We really have to stop scapegoating the President for all our problems
In a recent Washington Post article about the Virginia Senate race, former Bob McDonnell communications director, Tucker Martin, and Ed Gillespie for Governor “strategist”, said “The reality of it is, in Virginia, until Trump is gone, it’s going to be very hard for any statewide Republican.”
Martin’s statement is not uncommon among Virginia Republican leaders and the GOP establishment. A few writers on this great blog believe that, too.
This defeatist attitude is grounded in the drubbing we got in 2017 and the fact Trump lost Virginia to Hillary Clinton in 2016. I, a believer in Trumpism and Day One supporter of his in the 2016 campaign, acknowledged this on a few months ago on TBE that Ed Gillespie, Jill Vogel and John Adams – along with some 17 GOP delegates – were drowned in the anti-Trump wave (although I believe Gillespie needed to change the conversation which he did not).
And, this fall, not just in Virginia but other states, we may see another anti-Trump wave with millions of professional class voters flocking to the polls to vote out any Republican just to “send Trump a message.” Our chances of defeating Tim Kaine for a 2nd term in the Senate are not good, and we also may lose two House seats, by my estimate.
But this attitude that Trump is the problem defies the fact that even before Trump stepped on the 2016 campaign stage, Republicans were losing statewide in Virginia.
These party leaders and folks in the “Never Trump” crowd seem to forget that Gillespie lost to Mark Warner for Senate in 2014 and in 2013, when we nominated probably the most principled conservative slate for Governor (Cuccinelli), Lt. Governor (E.W. Jackson) and Attorney General (Mark Obenshain), we lost all three – the first time Republicans failed to win a statewide constitutional office since the early 70s.
Barack Obama won Virginia in 2008 and 2012, carrying into the Senate Mark Warner and Tim Kaine in each election. In 2006, George Allen lost re-election to the Senate. No Republican has won a U.S. Senate race since John Warner in 2002. In 2005, Jerry Kilgore lost the governor’s race and Warner and Kaine won election in 2001 – just a year after George W. Bush carried the state.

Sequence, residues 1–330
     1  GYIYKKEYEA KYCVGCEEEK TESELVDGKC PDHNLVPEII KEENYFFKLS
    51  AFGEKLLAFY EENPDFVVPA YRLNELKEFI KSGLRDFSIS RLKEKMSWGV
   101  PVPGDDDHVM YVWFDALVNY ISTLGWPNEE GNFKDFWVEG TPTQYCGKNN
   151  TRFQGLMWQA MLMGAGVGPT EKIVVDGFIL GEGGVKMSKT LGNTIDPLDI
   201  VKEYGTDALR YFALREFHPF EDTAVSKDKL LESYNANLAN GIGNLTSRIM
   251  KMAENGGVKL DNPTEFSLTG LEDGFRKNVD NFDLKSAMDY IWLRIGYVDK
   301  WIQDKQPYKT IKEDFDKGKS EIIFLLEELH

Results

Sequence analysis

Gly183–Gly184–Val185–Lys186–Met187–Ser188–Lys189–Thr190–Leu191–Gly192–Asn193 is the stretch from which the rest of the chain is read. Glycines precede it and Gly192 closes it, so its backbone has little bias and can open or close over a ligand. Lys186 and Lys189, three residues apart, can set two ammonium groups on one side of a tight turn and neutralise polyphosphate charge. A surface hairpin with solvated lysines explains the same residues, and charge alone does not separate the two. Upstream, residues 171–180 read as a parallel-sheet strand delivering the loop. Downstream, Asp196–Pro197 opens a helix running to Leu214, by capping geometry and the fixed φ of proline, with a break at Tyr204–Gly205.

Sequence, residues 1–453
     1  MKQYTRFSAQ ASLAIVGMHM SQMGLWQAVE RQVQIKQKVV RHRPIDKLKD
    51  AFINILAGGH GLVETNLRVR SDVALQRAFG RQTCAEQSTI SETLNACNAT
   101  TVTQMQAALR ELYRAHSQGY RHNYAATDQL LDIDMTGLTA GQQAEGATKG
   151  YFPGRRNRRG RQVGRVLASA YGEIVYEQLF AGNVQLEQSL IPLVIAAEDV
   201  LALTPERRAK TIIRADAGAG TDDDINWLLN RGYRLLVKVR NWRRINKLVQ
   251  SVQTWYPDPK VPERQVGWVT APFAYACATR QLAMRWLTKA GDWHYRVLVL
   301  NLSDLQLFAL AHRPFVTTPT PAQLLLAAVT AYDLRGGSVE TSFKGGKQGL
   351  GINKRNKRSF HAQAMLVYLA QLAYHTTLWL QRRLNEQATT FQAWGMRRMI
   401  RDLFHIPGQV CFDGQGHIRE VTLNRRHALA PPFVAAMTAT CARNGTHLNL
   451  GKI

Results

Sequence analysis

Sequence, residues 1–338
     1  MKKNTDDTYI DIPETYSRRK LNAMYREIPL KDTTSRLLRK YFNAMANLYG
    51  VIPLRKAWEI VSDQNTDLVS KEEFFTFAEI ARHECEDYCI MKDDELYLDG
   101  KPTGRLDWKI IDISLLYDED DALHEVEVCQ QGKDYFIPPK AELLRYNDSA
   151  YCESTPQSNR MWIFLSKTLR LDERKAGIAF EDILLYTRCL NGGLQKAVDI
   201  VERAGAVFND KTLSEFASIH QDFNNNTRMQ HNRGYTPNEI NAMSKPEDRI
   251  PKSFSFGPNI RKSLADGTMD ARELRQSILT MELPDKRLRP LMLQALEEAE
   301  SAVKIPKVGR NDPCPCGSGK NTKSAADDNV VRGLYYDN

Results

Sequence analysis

Since 1997, the only time Republicans swept statewide was in 2009 with the famed “McBolliNelli” slate, an election won on bread-and-butter issues like transportation. That’s where Gillespie failed in 2017.
But scapegoating Trump enables Republican leaders in Virginia to escape accepting responsibility for keeping Republicanism relevant and competitive. They also can avoid efforts to try to woo new voters, which I acknowledge is a challenge.
I have won four campaigns of my own in Loudoun County and worked on many others. I have seen how Northern Virginia has morphed into what I jokingly call “North Jersey Virginia.”
But the reality is Virginia has been changing demographically for years due to the influx of non-white residents (immigrants) and Northeasterners seeking jobs and lower taxes. The Republican Party of Virginia and local units have done very little to address this.
It is said you “cannot educate people during a campaign,” but you can certainly do outreach during off years.
You’d think Northern Virginia and Hampton Roads-area residents whose livelihoods depend on Defense jobs, or who moved here to escape Big Government, would like to know what hundreds of Republican councilmembers, supervisors, General Assembly members and members of Congress are doing to preserve our quality of life.
But instead, RPV is trying to talk to within (the grassroots) — a desirable goal, I guess – but that is not going to make as much of a difference as reaching out seriously to “New Virginians.”
California’s state party is doing that now with its “New Way” effort – something that should have been done years ago, to be frank.
“Outreach” to focus groups of New Virginians also means talking to Muslim, Indian, Asian and African voters who may be skeptical of us due to Trump’s tough border protection policies, but those policies ensure are designed to ensure we are not a nation of dependents and low-wage workers.
Trump’s infrastructure efforts can significantly help with the oppressive traffic congestion in Northern Virginia and Hampton Roads. Better trade deals and the steel tariffs help our coal miners.
Finally, let’s be real. Trump is running for re-election in 2020 and at this point, there is no decent Democrat challenger to stop him from getting a second term. A GOP primary challenge to him is being discussed – but how often does an incumbent president lose the nomination of his party? Will this standard bearer be Jeff “the” Flake of Arizona? Do you really think Ted Cruz or Marco Rubio can raise the money and if they get the nomination, captivate Democratic voters the way Trump did in 2016? Not likely.
But in Virginia, we have a problem that ONLY our party and its electeds can solve. If we continue to scapegoat, and fail to reach out meaningfully, Republicans will not win statewide again and Virginia will become a one-party liberal state like New York, New Jersey, Maryland or Illinois – regardless of whether Trump is president or not.